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on 29 November 2012
I had not been introduced to Marlowe's work (or, indeed, heard of the legendary playwright at all) until after taking the mammoth decision to start an Open University module. This was a Level 1 module for 60 credits; AA100 `The Arts Past and Present'. During the second week, we had the task of reading the play from this suggested A-Text version, alongside an audio track provided by the university. Having not studied for the past 4-5 years, I found the play initially hard to go by. But, of course, this is expected for a higher education student who has been away from academia for quite some time. My fellow students and I found this text to be a surprising read, and, reading from the perspective of an observer of the production, rather than the reader of a novel (or stage-play) helped to put the play into context.
Having not studied much Shakespearean literature, I found `Doctor Faustus' the perfect play to be introduced into the discipline of Renaissance English Literature, with its vastly complex and visionary characterisation. The character of Faustus, for me, is a living representation of the dangers pertaining to seeking knowledge beyond one's physical (and spiritual) capabilities. The Christian message is embedded throughout the play, as was suitably the norm during Marlowe's lifetime, of repentance, forgiveness and God's ultimate will.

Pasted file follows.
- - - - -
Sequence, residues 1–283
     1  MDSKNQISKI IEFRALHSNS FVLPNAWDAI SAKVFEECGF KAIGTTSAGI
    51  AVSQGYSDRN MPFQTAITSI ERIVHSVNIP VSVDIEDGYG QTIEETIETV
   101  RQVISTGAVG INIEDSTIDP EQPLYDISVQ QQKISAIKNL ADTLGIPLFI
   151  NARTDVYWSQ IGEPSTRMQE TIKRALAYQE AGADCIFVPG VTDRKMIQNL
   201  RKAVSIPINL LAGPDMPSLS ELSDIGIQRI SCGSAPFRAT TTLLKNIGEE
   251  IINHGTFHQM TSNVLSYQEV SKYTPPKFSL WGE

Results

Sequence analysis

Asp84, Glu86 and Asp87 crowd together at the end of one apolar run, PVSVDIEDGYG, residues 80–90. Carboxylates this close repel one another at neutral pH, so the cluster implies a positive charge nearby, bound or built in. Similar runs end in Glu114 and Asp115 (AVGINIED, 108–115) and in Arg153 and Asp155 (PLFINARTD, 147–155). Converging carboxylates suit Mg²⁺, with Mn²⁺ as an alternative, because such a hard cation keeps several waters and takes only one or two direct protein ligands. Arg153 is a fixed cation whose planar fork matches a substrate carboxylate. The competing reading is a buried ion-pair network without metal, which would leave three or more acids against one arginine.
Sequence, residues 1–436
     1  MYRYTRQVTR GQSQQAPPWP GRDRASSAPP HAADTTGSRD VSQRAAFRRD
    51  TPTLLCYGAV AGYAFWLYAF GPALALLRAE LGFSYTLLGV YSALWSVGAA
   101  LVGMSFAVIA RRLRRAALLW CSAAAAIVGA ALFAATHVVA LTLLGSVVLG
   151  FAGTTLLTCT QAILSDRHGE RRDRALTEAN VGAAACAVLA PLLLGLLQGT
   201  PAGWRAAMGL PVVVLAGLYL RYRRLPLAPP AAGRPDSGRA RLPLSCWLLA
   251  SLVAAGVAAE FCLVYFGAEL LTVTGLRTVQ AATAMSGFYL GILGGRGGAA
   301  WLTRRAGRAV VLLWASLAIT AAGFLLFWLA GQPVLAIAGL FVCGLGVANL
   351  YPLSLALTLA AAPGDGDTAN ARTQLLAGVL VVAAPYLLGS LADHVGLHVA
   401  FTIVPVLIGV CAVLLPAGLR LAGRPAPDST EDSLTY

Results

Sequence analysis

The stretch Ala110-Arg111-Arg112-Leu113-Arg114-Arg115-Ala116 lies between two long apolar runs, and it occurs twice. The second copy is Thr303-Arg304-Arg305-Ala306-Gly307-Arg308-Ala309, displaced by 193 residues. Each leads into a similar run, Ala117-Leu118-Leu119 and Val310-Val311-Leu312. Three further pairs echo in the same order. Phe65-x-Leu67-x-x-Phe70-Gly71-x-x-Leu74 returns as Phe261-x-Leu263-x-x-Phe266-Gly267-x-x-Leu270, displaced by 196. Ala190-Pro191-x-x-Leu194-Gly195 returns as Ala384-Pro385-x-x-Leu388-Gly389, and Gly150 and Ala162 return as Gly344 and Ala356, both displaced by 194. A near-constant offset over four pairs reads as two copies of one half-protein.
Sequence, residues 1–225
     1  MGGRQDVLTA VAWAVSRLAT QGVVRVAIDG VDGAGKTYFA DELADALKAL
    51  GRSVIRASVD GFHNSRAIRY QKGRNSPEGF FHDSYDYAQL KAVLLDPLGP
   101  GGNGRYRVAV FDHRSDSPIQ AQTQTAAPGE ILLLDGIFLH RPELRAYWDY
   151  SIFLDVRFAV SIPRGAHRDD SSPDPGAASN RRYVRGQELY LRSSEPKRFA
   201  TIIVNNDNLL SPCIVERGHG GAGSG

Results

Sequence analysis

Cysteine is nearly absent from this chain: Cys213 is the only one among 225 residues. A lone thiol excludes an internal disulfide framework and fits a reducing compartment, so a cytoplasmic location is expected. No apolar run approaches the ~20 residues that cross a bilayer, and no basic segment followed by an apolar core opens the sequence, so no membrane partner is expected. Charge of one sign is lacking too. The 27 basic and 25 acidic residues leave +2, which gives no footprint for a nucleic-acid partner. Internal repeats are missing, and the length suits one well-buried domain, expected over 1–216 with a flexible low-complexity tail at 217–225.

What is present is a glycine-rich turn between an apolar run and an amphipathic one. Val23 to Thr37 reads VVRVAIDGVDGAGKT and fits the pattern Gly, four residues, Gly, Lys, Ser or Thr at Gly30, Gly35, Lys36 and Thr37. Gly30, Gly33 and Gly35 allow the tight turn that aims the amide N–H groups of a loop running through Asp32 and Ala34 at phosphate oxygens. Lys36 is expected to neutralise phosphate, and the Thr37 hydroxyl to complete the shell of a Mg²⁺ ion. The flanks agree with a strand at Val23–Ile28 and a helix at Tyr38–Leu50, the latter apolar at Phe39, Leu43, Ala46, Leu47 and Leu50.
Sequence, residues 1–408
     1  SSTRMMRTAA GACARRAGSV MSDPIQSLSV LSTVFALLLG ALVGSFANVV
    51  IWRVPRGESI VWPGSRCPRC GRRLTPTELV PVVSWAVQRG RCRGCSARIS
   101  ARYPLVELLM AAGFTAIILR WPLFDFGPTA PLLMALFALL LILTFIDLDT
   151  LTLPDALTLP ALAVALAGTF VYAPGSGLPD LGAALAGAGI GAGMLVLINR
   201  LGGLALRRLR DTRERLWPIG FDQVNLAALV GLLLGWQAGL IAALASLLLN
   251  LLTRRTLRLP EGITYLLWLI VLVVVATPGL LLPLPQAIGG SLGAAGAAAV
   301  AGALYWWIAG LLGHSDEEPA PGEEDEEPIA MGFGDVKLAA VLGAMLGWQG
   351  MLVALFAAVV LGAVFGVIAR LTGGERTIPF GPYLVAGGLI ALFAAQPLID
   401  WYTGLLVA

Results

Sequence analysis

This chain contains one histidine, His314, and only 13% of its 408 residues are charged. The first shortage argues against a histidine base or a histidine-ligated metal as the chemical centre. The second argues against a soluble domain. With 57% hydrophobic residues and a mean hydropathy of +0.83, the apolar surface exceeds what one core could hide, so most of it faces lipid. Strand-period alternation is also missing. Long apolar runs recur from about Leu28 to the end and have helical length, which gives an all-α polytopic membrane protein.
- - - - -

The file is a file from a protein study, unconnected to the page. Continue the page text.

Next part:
The Pearson Longman edition is especially useful for the Open University student, as this is indeed the first set book for the aforementioned module for the humanities. It provides extensive details on the text and footnotes detailing the many idioms and contemporary translations of early-modern English. There are also many more sections on the life of Christopher Marlowe and his contemporaries, as well as notes on the period and life for the common Englishman during the Renaissance. There are some shocking revelations about his life and, ultimately, his death.